A human library is an initiative in which people called 'Readers' who want to learn about a specific topic 'check out' people called 'Human Books' for an hour of conversation. The conversations surround the lived experiences of prejudice and/or discrimination of the human books. Sample topics include anything related to sexual, gender, racial or cultural diversity.

The augustana human library is one of three projects selected to receive the 2017 ALA Presidential Citation for Innovative International Library Projects. The ALA Presidential Citation for Innovative International Library Projects began as an ALA Presidential initiative of Dr. Loriene Roy, ALA President in 2007-2008.

The program has garnered local and international attention for its commitment to the ongoing offering of the augustana human library. While a growing number of libraries throughout the world have offered a single human library, the Augustana Library has committed to the offering of the augustana human library each semester since 2009. With integration into Augustana's undergraduate curriculum, the augustana human library further distinguishes itself as an event filled with conversations that have a significant impact on the understanding of diversity and difference and the development of empathy.

Head Librarian of Augustana Library, Nancy Goebel, accepted the award in Chicago on behalf of these library staff:

  • Nancy Goebel
  • Kara Blizzard
  • Tanya Pattullo
  • Kathy Gadacz-Gould
  • Tom Merklinger
  • Melanie Kuntz
  • Mark Fulton

Congratulations to these individuals! The 18th augustana human library will occur at the Augustana Library in Camrose on Monday, October 2 from 6-10pm. All are welcome! Please see aug.ualberta.ca/humanlibrary for the schedule of reads and listing of human books closer to October 2.



Friday, June 30, 2017

True North Strong and Free: A Virtual Nature Walk of Canada Coast to Coast

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Celebrate Canada Day with a virtual tour of the country! You can find videos about different provinces, territories, regions and areas of Canada in the Can Core Post Secondary database.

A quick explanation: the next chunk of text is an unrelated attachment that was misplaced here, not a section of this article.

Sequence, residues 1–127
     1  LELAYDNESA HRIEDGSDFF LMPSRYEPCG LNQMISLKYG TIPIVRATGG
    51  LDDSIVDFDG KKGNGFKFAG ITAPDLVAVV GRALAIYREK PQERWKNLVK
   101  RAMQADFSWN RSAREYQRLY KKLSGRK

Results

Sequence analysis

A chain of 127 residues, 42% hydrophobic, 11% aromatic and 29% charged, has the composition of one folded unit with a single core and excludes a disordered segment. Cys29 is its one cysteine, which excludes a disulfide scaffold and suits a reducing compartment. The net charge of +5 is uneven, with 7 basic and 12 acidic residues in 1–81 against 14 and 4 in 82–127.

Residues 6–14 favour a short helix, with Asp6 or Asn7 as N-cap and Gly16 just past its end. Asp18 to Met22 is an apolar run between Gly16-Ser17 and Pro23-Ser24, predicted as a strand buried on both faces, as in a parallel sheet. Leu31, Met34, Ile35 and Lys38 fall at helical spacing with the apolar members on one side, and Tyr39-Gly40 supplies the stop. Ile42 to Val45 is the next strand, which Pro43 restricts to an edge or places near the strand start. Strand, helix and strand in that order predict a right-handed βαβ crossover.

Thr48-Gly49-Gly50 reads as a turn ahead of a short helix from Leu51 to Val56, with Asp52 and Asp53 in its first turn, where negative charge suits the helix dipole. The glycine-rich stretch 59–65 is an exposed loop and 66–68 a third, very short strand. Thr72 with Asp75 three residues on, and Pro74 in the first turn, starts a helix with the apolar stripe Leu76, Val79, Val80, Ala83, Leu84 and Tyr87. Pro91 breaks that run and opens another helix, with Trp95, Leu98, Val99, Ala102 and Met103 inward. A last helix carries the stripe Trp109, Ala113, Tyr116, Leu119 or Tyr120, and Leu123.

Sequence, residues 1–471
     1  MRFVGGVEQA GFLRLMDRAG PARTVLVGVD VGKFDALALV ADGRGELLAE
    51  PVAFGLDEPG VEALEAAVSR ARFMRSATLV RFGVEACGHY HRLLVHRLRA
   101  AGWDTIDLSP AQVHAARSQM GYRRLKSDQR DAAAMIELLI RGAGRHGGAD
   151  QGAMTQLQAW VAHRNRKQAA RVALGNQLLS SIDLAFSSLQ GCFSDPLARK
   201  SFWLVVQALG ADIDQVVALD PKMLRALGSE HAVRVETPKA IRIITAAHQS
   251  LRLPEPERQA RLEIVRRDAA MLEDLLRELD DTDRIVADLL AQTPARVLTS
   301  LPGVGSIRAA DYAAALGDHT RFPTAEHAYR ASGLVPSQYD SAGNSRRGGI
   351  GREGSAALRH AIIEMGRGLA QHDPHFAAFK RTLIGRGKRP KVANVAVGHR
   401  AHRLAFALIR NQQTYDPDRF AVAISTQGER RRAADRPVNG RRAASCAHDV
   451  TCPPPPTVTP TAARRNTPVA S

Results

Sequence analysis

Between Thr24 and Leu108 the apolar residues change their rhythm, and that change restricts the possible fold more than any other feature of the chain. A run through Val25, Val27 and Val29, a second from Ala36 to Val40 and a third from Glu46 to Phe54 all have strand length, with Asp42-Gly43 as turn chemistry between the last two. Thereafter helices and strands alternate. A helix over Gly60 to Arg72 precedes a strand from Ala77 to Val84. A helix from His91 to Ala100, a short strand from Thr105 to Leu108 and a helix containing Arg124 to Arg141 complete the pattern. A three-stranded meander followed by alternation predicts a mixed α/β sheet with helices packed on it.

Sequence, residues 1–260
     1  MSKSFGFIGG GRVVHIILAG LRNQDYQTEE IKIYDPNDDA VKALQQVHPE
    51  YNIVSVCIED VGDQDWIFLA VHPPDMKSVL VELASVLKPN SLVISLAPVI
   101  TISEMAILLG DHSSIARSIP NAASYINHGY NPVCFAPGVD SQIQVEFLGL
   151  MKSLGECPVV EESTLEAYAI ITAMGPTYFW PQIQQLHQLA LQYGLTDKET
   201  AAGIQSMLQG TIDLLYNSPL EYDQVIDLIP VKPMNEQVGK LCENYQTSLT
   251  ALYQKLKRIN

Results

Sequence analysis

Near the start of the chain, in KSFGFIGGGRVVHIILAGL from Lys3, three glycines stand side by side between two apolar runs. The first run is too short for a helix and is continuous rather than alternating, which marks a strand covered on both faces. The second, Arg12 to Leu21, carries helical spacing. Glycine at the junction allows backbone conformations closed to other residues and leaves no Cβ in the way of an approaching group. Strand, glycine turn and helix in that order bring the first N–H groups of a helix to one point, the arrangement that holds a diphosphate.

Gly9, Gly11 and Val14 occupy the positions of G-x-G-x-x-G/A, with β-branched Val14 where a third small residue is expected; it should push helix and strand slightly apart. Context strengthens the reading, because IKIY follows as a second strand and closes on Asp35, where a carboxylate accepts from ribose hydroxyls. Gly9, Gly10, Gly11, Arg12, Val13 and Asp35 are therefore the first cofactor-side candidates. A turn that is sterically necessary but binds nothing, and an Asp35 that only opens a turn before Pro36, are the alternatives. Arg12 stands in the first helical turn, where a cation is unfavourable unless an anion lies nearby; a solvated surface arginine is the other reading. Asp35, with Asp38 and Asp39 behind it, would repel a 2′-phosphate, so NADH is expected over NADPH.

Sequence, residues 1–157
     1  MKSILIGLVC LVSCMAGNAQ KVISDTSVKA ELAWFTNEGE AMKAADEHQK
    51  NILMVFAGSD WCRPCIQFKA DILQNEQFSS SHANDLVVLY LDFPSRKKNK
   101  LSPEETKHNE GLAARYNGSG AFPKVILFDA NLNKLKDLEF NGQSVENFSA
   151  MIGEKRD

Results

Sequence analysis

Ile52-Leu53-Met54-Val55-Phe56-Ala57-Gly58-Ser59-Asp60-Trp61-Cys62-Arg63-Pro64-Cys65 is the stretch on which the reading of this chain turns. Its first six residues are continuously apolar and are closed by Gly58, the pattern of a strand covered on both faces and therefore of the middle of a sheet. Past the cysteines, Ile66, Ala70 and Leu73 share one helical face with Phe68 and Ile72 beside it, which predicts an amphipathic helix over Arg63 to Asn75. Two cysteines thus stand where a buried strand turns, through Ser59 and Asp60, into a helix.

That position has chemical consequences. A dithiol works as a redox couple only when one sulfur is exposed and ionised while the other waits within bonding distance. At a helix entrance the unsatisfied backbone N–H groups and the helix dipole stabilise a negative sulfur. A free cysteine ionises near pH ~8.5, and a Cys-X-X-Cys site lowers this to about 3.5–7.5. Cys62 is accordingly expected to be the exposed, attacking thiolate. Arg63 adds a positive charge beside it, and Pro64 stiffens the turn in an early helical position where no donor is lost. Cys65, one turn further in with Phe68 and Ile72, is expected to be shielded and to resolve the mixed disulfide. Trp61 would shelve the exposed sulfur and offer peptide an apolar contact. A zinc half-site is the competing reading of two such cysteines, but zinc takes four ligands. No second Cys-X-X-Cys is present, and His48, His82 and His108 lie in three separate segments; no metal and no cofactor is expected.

Visit the Maritimes and learn about the Hopewell Rocks in New Brunswick and the Joggins Fossil Cliffs in Nova Scotia. Explore the underwater food chain in Terra Nova National Park in Newfoundland and learn about the Confederation Bridge, the world’s longest crossing ice covered water, joining Prince Edward Island and New Brunswick.



See amazing aerial views of Niagara Falls and visit a polar bear habitat in Ontario. Tour Lower Canada, including Canada’s capital city of Ottawa and Quebec’s southern border region. Visit Torngat Mountain National Park to learn about land that originally belonged to the Nunatsiavut people from northern Labrador and the Nunavut Inuit of northern Quebec.



Visit the Prairies and see the Saskatchewan River Delta, the largest inland delta in North America, in east-central Saskatchewan and west-central Manitoba. Visit Lake Agassiz in Manitoba, formed 11,500 years ago from the meltwaters of a massive ice sheet or travel to the uranium mines in Saskatchewan. Explore the wonders of the continental divide, from Akamina-Kishinena Provincial Park on the British Columbia/Alberta border to the soaring summits of Banff National Park.



On the West coast, visit sea lion colonies at St. Joseph’s Rocks in Haida Gwaii or tour the waterways of British Columbia. In Canada’s North, see the beautiful tundra of Nunavut, travel with an artist painting landscapes in White Pass, Yukon Territory, or learn about the geology of the Brock River Canyon near Paulatuk, Northwest Territories.

Happy Canada Day!